Adelbaset A-Megrahi, Kenny MacAskill, Libya Government, Lockerbie bomber, Lockerbie bombing, Scotish Legal Establishment, Scottish Criminal Cases Review Commission, Scottish Justice Minister, Scottish Parliament
In the last while I have done a couple of postings on the possible role of the Scottish Legal Establishment in the release of Adelbaset Al-Megrahi, the Libyan national who was granted compassionate release from prison in Scotland due, we were told, to his certain and imminent death within weeks to prostate cancer. Here and here. Last week saw the anniversary of this release and further calls for an inquiry into the case for that release.
In America the suspicion is centred on a belief that the deal was wrung from the Scottish devolved administration by the British Government, who wished to assist a deal that BP had with the Libyan government for drilling rights.
I have always had my doubts on this for a number of reasons, which I have explored at the links above.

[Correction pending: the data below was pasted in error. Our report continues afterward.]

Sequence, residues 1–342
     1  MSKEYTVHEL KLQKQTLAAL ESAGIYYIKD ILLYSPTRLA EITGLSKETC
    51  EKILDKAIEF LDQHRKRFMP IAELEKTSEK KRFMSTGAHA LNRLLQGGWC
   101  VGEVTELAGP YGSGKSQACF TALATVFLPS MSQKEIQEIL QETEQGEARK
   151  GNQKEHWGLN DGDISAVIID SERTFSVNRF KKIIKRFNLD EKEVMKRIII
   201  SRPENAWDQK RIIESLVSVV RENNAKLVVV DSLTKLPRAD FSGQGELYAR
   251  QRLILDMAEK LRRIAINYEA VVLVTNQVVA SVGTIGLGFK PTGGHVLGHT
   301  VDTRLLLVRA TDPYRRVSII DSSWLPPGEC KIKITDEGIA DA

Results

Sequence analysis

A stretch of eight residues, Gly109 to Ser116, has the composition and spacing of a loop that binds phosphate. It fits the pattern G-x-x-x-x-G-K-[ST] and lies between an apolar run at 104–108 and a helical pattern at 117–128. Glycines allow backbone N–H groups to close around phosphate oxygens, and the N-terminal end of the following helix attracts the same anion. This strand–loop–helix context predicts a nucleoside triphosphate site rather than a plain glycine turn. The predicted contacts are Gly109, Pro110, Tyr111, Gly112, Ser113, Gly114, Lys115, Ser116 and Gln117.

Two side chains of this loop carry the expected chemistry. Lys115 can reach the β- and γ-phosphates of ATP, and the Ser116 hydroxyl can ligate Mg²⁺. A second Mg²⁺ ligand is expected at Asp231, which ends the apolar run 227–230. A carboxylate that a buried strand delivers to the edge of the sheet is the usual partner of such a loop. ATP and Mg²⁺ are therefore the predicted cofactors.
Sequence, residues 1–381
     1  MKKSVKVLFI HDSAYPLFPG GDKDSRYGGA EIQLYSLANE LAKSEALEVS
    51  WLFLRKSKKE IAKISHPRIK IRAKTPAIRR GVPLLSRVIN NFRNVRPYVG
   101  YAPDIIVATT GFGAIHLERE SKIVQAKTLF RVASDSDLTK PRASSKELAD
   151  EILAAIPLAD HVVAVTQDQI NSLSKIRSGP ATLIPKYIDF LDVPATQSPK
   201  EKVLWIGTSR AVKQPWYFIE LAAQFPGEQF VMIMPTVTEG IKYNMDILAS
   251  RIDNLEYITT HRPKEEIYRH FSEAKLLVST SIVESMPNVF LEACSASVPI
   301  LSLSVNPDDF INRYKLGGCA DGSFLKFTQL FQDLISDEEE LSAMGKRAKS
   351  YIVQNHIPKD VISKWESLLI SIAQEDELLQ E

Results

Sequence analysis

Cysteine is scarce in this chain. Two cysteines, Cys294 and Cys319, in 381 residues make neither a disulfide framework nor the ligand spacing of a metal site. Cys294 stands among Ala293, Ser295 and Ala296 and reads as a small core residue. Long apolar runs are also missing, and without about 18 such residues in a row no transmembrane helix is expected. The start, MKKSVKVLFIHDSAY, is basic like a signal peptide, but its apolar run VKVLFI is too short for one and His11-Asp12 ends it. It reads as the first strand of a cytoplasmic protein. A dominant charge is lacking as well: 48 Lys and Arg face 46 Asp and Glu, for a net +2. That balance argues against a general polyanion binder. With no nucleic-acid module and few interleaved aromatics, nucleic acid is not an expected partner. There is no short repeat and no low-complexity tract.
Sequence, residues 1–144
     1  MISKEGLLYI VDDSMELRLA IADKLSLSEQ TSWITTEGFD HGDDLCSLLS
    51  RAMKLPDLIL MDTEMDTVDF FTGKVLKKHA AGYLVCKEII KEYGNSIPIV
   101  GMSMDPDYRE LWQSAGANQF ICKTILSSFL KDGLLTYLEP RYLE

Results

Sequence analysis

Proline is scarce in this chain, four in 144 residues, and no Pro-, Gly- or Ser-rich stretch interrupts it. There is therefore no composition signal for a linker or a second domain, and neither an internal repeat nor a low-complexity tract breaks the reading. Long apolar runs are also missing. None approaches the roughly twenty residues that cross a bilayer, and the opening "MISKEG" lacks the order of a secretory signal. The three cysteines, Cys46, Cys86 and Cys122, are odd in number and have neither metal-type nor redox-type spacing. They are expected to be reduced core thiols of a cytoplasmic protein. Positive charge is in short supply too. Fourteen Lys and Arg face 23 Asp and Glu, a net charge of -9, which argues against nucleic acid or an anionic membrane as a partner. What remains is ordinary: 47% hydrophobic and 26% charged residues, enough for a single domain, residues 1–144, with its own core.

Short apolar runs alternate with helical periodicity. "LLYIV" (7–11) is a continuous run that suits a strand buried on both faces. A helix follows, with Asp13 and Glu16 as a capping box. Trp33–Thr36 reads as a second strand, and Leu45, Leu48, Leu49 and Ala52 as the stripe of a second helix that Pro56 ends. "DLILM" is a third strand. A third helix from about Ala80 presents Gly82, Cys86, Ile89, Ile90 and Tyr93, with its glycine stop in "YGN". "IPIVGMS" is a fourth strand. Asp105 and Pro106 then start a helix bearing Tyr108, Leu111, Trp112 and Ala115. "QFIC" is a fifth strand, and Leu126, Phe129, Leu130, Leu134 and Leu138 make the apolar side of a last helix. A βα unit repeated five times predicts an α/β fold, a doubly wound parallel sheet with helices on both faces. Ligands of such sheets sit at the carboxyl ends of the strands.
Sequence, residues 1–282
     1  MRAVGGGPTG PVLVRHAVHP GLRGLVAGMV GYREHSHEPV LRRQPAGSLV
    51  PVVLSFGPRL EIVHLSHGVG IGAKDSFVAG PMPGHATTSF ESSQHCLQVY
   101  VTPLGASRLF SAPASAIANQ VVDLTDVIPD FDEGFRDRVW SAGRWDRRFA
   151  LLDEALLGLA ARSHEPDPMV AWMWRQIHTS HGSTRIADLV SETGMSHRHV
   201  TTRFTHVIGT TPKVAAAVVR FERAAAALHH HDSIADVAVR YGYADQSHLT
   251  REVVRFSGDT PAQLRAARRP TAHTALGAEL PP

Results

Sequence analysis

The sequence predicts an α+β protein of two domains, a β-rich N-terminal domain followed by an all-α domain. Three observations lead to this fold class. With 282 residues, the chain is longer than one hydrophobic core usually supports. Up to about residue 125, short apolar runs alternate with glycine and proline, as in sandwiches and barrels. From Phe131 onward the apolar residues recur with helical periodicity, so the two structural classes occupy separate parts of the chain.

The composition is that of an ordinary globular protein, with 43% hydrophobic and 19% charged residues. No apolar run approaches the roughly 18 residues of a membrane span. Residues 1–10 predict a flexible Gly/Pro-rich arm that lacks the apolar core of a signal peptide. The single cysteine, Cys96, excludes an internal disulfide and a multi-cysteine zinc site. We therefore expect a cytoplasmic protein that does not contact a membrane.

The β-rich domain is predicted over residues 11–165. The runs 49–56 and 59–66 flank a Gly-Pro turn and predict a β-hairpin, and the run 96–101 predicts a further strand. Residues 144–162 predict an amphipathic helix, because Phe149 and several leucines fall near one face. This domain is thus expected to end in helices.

Mainly, I believe that the investigation of the original crime, the downing of the Pan Am flight, the examination of the evidence and the conduct of the trial itself were flawed. I am not alone. The Scottish Criminal Case Review Commission has found six grounds for appeal. Indeed an appeal was already before the courts at the time that the Scottish Justice Minister visited Al-Megrahi in jail. Such a visit alone was most unusual and drew attention immediately. The almost instantaneous dropping of an appeal thereafter, followed by the release of the single most notorious criminal in Scottish Legal history had everyone astonished.
My view, for what it’s worth, is that Kenny MacAskill chose to release Al-Megrahi rather than trail his own profession through the mire to it’s international condemnation and ultimate humiliation. What was done was done to protect the Legal Profession.
Some feel that Kenny MacAskill would never have stooped that low, that he had never shown that he would support his profession right or wrong against such actions. Perhaps, but the film below may change your perception. It is taken within the debating chamber of the Scottish Parliament, on 16th April 2008, the year before.
Copyright David Macadam 2010